By Sam
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Bitcoin continues to be plagued by its own Achilles’ heel: increasingly high fees and an every slowing network.  Increasingly people are looking at new ways to address scalability without centralising blockchain in the process.   The Lightning Network is a decentralised system that sits above Bitcoin’s main net blockchain.  It is one of the first implementations of multi-party Smart Contract scripting.  It is in many ways a software play.  This off-chain, but on-chain, decentralised network is designed for instant, high-volume micropayments.  Lightning maintains Bitcoins decentralised design but speeds up processing by creating payment channels rather than requiring every transaction to be verified on-chain via consensus, which currently can take up to an hour or more depending on congestion.  The Lightning development team released their alpha version last month.

Large volume micropayment transactions require low fees and almost instant transaction speeds to meet consumer expectations around point of sale transactions. Lightning works like a payments ‘mind-map’ through which you can send payments to different parties, even if they are not directly connected to you.  This means that payments can be routed to parties that are indirectly connected through different nodes on the network, without mining.

Funds are deposited into a two-party, multi-signature “channel” bitcoin address.  This channel is represented as an entry on the bitcoin public ledger.  All parties must agree on the new balance of the fund in order to spend from the channel.  The current agreed balance is stored as the most recent transaction.  Both parties sign a new exit transaction spending from the channel address to make a payment.  Both parties have the option to close the channel, ending their relationship.  Only the final balance upon exit and closing is entered on the bitcoin public ledger.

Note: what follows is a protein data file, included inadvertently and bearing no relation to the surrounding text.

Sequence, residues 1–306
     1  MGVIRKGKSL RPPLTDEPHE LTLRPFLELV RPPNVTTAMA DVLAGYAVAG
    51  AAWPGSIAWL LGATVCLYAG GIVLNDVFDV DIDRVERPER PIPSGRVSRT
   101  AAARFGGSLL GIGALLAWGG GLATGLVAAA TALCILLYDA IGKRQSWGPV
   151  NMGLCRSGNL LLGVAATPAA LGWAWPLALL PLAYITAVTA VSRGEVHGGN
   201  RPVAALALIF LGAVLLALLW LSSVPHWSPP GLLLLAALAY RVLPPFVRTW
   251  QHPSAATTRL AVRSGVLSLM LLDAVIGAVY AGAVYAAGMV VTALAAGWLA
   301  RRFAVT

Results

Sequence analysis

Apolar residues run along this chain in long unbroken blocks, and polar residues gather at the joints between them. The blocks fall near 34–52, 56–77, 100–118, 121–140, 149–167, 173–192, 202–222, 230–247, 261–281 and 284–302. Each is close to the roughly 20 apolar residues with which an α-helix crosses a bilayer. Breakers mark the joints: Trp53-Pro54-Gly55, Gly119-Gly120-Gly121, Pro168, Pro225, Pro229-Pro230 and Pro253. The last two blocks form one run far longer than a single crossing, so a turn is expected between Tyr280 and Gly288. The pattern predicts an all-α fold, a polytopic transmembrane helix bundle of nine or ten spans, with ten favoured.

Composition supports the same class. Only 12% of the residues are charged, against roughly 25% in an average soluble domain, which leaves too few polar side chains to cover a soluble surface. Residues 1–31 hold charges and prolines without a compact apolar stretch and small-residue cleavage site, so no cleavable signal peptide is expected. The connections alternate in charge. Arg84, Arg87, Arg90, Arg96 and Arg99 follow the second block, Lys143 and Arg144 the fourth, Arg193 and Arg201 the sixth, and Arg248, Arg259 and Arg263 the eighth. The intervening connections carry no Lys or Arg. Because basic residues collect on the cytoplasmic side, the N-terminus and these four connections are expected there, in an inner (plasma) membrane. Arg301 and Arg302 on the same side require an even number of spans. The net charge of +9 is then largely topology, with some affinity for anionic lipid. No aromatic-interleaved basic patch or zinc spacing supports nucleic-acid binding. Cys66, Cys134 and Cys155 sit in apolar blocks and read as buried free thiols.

The Lightning Network is important because it enables instant, end-to-end secure micropayments that leverage a technique called the HTLC, or Hash-Time-Locked-Contract. This allows payments to be sent across the network that are encrypted end-to-end , with no plaintext routes, meaning that privacy is the default.  This makes it highly secure and allows for payment flow similar to traditional financial infrastructures such as PayPal or Stripe.  The final result is a network of payment channels that could potentially process huge amounts of transactions without needlessly overloading the blockchain.  Most of Bitcoin transactions would be happening on the Lightning network, with on the final record of the transaction being entered on the blockchain.

The Lightning Network would allow scalability without forks or developer consensus.  Making Bitcoin relevant again rather than just as a store of value or commodity like Gold.  This represents a huge opportunity to build orders of magnitude in terms of numbers of transactions without losing the decentralisation of Bitcoin or needing a trusted custodian for your funds or third party payment provider like Visa.

In all fairness, the Lightning Network is highly experimental and currently only live for public tests. Even though Bitcoin enthusiasts have already conducted purchase using Lightning, it is a long way off being enterprise-grade.  There are however a number of projects currently working with Lightning on their own business applications for this technology in Internet of Things (IoT) and beyond.  Clearly, there is much for developers to play for when it comes to “off-chain” solutions built above ‘on-chain’ networks like Bitcoin or Ethereum.  Is scalability possible, in order to harness economies of scale, while maintaining decentralisation? The Lightning network is going to find out one way or the other.

By: CeAnn Simpson

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